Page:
I think the proportion of Roma killed by the Nazis was equal to the proportion of Jews. The Nazis killed as many Poles as they could for racial reasons, but there was just too many Poles to equal the proportion of them killed when compared to the Jews. I wonder if the Roma have the tradition of putting up Xmas trees in their homes. Anybody know? Here’s a brief history of the Xmas tree–note that the Puritans banned Xmas trees, and that the Germans and Scandinavian immigrants to America brought the Xmas tree tradition to USA shores:

  11. PilgrimSoul on December 26, 2012, 2:36 pm

    Marc’s series “Exile and the Prophetic” is beautiful for many reasons, not least of which is that they go together: attempt the prophetic, and you find yourself a pariah in exile from all the Promised Lands, willingly or otherwise. But as a heretical Christian I can’t agree with Marc that Christianity has reformed itself, because it hasn’t yet come to terms with the explosive belief that arguably drives Christians to make scapegoats, the belief in blood atonement: that the torture and murder of Jesus was God’s plan to save the world, which generates salvation for the believer.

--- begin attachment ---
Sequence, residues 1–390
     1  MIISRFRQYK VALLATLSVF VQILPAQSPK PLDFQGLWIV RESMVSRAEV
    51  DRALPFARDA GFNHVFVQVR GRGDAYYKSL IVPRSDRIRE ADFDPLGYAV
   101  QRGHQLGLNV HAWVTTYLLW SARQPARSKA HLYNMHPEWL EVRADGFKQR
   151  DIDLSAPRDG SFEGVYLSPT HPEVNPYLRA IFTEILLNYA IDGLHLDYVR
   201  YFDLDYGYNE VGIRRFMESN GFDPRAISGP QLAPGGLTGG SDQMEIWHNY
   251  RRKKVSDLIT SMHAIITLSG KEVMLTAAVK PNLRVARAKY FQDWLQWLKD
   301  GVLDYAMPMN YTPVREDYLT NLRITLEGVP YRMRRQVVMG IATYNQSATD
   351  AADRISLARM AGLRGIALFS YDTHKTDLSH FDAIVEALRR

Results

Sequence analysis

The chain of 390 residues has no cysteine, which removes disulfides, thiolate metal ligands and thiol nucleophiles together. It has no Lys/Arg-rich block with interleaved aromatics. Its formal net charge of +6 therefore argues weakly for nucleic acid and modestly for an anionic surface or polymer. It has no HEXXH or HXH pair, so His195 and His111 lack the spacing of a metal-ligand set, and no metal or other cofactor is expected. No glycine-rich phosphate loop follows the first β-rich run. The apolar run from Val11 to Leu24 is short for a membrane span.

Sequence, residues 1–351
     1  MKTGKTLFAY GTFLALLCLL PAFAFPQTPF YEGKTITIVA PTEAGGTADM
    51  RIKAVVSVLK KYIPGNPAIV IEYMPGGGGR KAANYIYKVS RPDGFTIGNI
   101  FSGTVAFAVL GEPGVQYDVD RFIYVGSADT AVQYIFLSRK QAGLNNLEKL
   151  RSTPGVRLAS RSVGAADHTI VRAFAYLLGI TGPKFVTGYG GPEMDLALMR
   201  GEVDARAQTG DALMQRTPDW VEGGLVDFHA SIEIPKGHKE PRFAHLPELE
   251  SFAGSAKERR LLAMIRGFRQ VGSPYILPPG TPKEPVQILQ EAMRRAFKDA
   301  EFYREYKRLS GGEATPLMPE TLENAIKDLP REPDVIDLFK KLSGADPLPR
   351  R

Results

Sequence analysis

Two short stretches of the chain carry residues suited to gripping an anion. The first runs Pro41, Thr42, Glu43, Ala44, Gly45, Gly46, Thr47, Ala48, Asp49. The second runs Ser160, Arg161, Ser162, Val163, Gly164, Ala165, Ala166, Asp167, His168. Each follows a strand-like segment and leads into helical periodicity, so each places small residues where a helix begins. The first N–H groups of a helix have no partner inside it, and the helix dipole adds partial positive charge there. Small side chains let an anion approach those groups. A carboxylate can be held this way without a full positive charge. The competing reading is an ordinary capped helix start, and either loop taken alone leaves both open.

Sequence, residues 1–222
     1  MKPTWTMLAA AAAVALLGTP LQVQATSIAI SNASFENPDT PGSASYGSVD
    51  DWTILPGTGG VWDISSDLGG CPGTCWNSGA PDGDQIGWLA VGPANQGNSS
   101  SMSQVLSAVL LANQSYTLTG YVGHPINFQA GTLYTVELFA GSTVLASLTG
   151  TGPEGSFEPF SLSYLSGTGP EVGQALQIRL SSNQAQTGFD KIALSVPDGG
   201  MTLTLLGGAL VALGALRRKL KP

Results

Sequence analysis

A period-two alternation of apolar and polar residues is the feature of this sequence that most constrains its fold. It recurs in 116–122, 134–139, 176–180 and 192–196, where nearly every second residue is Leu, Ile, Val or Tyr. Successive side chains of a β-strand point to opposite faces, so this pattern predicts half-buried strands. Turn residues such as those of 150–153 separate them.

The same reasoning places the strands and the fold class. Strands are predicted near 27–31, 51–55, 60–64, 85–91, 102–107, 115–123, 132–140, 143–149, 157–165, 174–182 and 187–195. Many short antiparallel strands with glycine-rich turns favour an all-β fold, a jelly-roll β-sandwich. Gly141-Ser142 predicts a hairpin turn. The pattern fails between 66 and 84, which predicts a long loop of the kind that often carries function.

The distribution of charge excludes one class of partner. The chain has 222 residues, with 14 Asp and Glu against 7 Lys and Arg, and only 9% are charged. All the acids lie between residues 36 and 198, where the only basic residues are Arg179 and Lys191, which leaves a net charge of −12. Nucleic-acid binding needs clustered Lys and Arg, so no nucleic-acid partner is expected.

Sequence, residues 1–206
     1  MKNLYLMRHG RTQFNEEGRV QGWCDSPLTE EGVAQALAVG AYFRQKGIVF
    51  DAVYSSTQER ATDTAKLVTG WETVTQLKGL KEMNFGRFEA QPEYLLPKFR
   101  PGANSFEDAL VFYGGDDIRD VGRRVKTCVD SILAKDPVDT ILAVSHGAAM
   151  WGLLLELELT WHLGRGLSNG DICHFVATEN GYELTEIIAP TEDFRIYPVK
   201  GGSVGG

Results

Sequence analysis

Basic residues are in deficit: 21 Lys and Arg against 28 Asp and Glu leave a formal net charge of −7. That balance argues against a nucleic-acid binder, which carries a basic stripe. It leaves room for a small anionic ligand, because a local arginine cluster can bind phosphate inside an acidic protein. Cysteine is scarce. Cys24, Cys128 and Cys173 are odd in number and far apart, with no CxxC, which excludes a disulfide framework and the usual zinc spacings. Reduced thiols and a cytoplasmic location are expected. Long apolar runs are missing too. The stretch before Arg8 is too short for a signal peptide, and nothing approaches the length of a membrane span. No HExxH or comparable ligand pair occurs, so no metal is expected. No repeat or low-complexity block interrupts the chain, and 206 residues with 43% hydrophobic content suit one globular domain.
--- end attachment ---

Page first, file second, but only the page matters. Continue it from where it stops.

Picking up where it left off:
That idea sends a powerful message that violence is redemptive. The result is too often a profound and very toxic Christian identification with aggression (all exceptions happily granted), which I believe drove the growth of Christian antisemitism.

    For one progressive/heretical Christian’s idea about the manner in which Christianity might rid itself of this dangerous addiction to redemptive violence can be found at the following link:

    • Don on December 27, 2012, 11:59 am

      “…sends a powerful message that violence is redemptive.”

      Amazing how much I seemed to have missed during 16 years of formal Catholic education. You don’t suppose, Pilgrim, that the message was actually “suffering is redemptive”? Particularly when undertaken for others?

      I will say this again…you cannot logically assert that Christianity (per se) is responsible for the violent behavior of Christians…without somehow accounting also for the selfless behavior of countless Christians (as noted in post below).